Further than that, if you’ve read one eminently capable Foo Fighters go over of a vastly productive disco tune, most likely you’ve heard them all. When they cost back into two far more Saturday Night time Fever staples (the rooster-scratch funk of “Night Fever,” the twinkling sentimentality of “More Than a Woman”), it’s like they are repeating the identical joke with somewhat various inflections, wanting to know if this time they’ll elicit a chortle. The frenzied gallop of “Tragedy,” a successive 1979 chart-topper, helps illustrate how compact of a leap it was to synth-metal like Europe’s “The Ultimate Countdown,” but it also betrays the restrictions of the Dee Gees’ fidelity to their resource materials (the original’s signature “explosion” sound outcome is nowhere to be discovered). So considerably of the Bee Gees’ appeal lay in their brotherly harmonies, their large generation assets, and their particular historic second, none of which can be thoroughly recreated here, no issue the band’s enthusiasm.

Even though Grohl trumpeted Medicine at Midnight as Foo Fighters’ equal to Bowie’s Let’s Dance, you experienced to squint to discern substantially excess degree of disco-tude. The musical whiplash on facet two of Hail Satin is like likely from looking at John Travolta do the hustle in white polyester to looking at him mispronounce the title of Idina Menzel at the Oscars. “Making a Fire” and “Shame Shame” each have a particular strut, but not like that, and the juxtaposition with these kinds of universally relished tracks as the Bee Gees’ biggest hits would do no band’s new new music any favors.

The buttons truly go back again more than the chest hairs on “Waiting on a War,” a Medicine at Midnight highlight that ramps up from winsome ability-pop strums to blazing hard-rock barrage seemingly just to clearly show Foo Fighters can pull it off (or to jolt awake the low cost seats). From there, all obvious disco-band pretenses are set back on mothballs. On “No Son of Mine,” Grohl bites off syllables like James Hetfield clamoring for “Gas.” On “Cloudspotter,” he spits his significant dumb rock lyrics (“Refuse me even though I kiss the sky”) with so substantially hammy fervor that you want to acquire him a $16 draft beer. Even with out the roar of a Madison Sq. Back garden group, the stay-in-studio experience can help remind you that he does not just know how absurd this is—he’s reveling in it.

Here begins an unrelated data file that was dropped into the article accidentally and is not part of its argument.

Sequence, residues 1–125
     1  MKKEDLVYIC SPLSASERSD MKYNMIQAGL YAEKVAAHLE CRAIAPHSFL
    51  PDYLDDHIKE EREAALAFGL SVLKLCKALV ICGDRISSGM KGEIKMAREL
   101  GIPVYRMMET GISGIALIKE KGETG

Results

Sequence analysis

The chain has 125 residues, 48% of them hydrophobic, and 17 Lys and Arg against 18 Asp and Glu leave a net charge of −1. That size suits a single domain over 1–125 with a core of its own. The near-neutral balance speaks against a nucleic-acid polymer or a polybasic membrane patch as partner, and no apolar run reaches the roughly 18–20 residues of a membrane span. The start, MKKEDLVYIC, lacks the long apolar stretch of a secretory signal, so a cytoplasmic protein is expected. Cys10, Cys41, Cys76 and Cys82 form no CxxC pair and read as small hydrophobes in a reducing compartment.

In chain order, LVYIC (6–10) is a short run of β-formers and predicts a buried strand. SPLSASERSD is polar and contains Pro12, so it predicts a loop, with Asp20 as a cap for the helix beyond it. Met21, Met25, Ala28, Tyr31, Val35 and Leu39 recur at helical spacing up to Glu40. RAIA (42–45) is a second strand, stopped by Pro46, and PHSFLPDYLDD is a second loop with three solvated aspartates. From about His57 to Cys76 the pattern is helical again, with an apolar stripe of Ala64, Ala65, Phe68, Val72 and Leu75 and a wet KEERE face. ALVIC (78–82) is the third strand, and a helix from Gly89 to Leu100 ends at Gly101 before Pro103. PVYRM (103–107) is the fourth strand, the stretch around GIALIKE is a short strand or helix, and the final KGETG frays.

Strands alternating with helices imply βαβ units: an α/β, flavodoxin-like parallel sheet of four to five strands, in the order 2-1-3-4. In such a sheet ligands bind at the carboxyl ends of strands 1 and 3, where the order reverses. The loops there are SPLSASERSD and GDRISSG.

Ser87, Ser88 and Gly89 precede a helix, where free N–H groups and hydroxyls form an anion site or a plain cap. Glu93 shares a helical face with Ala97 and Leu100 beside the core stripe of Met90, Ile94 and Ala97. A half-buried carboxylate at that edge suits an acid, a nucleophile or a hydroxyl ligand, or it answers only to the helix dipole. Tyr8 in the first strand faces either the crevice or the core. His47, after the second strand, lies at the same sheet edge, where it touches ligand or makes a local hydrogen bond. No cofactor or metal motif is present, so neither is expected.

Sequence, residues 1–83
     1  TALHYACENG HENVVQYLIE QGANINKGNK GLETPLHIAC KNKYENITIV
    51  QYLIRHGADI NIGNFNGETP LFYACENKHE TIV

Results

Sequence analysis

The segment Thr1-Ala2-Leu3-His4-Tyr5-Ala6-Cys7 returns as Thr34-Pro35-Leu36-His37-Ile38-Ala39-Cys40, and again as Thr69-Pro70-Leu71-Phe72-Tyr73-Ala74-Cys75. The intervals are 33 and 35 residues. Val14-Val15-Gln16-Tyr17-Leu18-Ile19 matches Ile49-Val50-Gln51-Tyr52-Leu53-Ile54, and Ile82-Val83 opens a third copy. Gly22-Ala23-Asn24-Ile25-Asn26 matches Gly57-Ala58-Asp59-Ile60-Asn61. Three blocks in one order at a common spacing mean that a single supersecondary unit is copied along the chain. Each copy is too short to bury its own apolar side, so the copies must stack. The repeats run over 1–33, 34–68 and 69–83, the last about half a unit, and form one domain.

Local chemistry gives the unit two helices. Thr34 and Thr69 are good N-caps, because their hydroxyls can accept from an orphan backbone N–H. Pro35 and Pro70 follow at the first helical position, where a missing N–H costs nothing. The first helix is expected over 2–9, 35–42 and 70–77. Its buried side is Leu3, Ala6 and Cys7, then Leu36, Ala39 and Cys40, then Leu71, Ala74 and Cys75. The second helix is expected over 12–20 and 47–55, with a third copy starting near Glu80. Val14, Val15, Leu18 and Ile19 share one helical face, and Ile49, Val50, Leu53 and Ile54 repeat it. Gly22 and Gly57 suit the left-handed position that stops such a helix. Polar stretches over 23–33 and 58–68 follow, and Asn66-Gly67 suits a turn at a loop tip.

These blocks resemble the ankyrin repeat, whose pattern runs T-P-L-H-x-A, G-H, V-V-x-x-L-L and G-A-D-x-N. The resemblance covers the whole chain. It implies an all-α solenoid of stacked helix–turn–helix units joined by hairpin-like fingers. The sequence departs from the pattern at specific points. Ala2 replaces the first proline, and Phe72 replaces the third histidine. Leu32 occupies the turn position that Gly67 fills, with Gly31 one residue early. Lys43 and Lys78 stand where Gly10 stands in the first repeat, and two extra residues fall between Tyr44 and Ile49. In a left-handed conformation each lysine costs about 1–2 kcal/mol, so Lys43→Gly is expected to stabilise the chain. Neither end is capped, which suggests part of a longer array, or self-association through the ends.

If Grohl has gotten all over to observing The Bee Gees: How Can You Mend a Broken Coronary heart, the unfailingly likable musician definitely has some sharp items to say about it. The Gibb brothers—Barry, as well as the late Robin, Maurice, and teenager idol Andy—were the mainstream deal with of disco for the duration of the many years revisited by this album, substantially as the 3 Nirvana users embodied grunge for a pop viewers much more than a ten years later the Miami Sound presaged Seattle’s sound. Grohl also just lately went viral by telling Pharrell that his drums on Nevermind have been “disco beats, dude,” elevating tantalizing concerns about the blurred lines (ugh, sorry) among genres, the fragile and sociologically fraught interplay amongst culture and craft. And Hail Satin tacitly signifies a escalating recognition, even amid the “Led Zeppelin did not write tunes everyone liked, they still left that to the Bee Gees” technology, that much of the disco backlash was rooted in racism and homophobia.

Hail Satin is also inconsequential to assistance really serious arguments. And this isn’t a speech out of The Very last Days of Disco. But more than anything, the Dee Gees document indicates that disco-pop and arena rock are united considerably less by their drum beats than by their shared embrace of the gaudy and willfully absurd. They are welcoming spaces for people today who probably wouldn’t ordinarily line-dance or flash steel horns to act knowingly goofy, to be part of in on a communal gag. For all the deserved cachet accrued more than the earlier pair of many years close to scenes like the Loft and Paradise Garage or unsung auteurs like Arthur Russell, it’s about time that the Bee Gees are getting their reappraisal as well. Disco enthusiasts in 2021 don’t have to fret about losing their edge. They should really be dancing, yeah.